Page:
Silver nanoparticles (AgNPs) received special attention from researchers (Firdhouse and Lalitha, 2015; Yasir et al., 2017) as they have applications in various fields. The widespread application of AgNPs has also led to increased environmental and biological safety in their production, especially in the medical field. The general methods of AgNP synthesis are a chemical and physical approach that is expensive and potentially harmful to the environment (Makarov et al., 2014; Yusuf, 2020). A greener method through biosynthesis was an alternative method to minimize their disadvantages.
Biosynthesis approaches for AgNP synthesis have been reported using fungi (Azmath et al., 2016; Kanaujiya et al., 2019; Shahzad et al., 2019), bacteria (Hamouda et al., 2019), and plants (Krithiga et al., 2015; Masum et al., 2019; Tripathy et al., 2019). Plant extracts are considered as a better approach because they are free from toxic chemicals as byproducts (Krithiga et al., 2015), can act as a metal ion bio-reductor, and provide natural capping agents due to the presence of functional groups such as phenols, terpenoids, carboxylic acids, aldehydes, enzymes, amides, and flavones (Masum et al., 2019). In addition, the use of plant extracts can be more beneficial than using microorganisms because it is free from the threat of microorganism contamination and can reduce the cost of isolating microorganisms and culture media (Krithiga et al., 2015; Masum et al., 2019). Recent studies reported that extract of Citrus sinensis (Dutta et al., 2020), hawthorn berries (D?ugosz et al., 2020), Tridax procumbens (Rani et al., 2019), Lysiloma acapulcensis (Garibo et al., 2020), and Sida retusa (Sooraj et al., 2020) have successfully used as natural reagents in AgNP synthesis. The synthesized nanoparticles using these plant extracts showed different shapes and sizes depending on the species of plants.
In this study, we used Piper retrofractum Vahl fruit extract as a natural reagent for the biosynthesis of AgNPs. Piper retrofractum Vahl, known as cabe jawa or cabe jamu in Indonesia, was a member of the family Piperaceae generally used as traditional medicine (Panphut et al., 2020; Tang et al., 2019). Our previous study has reported the use of P. retrofractum Vahl fruit extract as a natural reagent in the synthesis of copper nanoparticles (Amaliyah et al., 2020). However, the use of this fruit extract for the biosynthesis of AgNPs has not been reported elsewhere. Piper retrofractum Vahl contains some compounds such as flavonoids, tannins, alkaloids, and steroids/terpenoids (Mansoi et al., 2016), which can act as reducing as well as stabilizing agents in the formation of AgNPs. These compounds are expected to produce a controlled morphology and size of AgNPs.
The main challenges faced in the synthesis of nanoparticles are controlling the size and shape of the nanosized particles and achieving monodispersity (Chatterjee et al., 2020). So, in this study, some factors that affect the production of AgNPs, such as extract concentration, reaction time, temperature, pH (Shah et al., 2015), and reaction process by stirring and ultrasonication (Sumitomo et al., 2018), were investigated. Generally, the smaller sizes of nanoparticles were obtained in higher extract concentration (Khalil et al., 2014), higher temperatures (Jain and Mehata, 2017), and higher pH (Anigol et al., 2017). Increasing reaction time enhances the conversion of silver ions to nanoparticles, leading to smaller particle size (Pandey et al., 2012). Ultrasonication and stirring process affect the dispersion of resulting nanoparticles. It was reported that ultrasonic irradiation dispersion was more efficient than stirring (Sumitomo et al., 2018) so that it may produce more uniform nanoparticles. The objective of this investigation was to obtain the proper methods in controlled-size nanoparticle formation. Furthermore, the characteristics of synthesized AgNPs were analyzed using Ultraviolet-Visible Spectrophotometry (UV-Vis), Fourier Transform Infra-Red (FTIR), Field Emission Scanning Electron Microscopy-Energy Dispersive Spectroscopy (FESEM-EDS), X-Ray Diffraction (XRD), and Transmission Electron Microscopy (TEM). The agar well diffusion method was applied to analyze the antimicrobial properties of synthesized AgNPs to Escherichia coli and Staphylococcus aureus bacteria.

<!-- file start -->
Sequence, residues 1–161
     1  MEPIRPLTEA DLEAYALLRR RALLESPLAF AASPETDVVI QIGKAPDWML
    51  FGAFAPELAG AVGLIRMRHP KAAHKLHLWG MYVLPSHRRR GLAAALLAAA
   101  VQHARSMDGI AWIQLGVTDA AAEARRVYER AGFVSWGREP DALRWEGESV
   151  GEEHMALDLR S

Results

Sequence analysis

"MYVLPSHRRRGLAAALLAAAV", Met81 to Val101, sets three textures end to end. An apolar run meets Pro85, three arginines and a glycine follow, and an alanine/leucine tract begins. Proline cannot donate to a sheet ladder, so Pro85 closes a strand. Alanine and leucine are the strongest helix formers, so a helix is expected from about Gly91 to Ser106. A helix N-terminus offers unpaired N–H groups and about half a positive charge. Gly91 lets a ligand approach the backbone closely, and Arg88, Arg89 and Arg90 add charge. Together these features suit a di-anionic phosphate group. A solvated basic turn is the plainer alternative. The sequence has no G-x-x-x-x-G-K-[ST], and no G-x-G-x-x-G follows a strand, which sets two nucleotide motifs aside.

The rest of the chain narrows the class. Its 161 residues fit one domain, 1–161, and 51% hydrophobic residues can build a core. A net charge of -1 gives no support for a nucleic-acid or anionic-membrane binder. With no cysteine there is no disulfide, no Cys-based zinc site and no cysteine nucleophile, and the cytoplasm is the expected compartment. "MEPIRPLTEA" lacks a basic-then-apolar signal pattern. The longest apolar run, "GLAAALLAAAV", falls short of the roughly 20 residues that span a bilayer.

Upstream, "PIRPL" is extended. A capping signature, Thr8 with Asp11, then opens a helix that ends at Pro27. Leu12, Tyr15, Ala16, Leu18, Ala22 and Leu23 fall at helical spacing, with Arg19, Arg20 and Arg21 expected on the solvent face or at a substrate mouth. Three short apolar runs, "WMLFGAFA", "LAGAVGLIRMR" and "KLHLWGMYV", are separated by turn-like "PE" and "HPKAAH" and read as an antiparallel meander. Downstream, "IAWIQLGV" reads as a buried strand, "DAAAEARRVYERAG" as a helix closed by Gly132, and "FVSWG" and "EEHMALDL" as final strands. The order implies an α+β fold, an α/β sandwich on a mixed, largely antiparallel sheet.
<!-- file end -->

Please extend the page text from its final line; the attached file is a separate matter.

MATERIALS AND METHODS
Materials and instrumentation
Piper retrofractum Vahl fruits were obtained from Sumenep District, Madura Island, East Java, Indonesia. Silver nitrate used as a silver ion precursor was purchased from Sigma Aldrich, Singapore. Escherichia coli (Gram-negative bacteria) and S. aureus (Gram-positive bacteria) were used as exposed bacteria in antimicrobial activity tests. UV-Vis (Shimadzu UV-Vis 1601 series), FTIR (Shimadzu 8400s), FESEM-EDS (FEI-Quanta FEG 650), XRD (PANalytical Japan), and TEM (TEM HT7700) were used for the characterization of AgNPs. The synthesis of AgNPs was processed in a hotplate stirrer (CORNING PC-620D) and ultrasonicator bath (DELTA Ultrasonic Cleaner DC150H).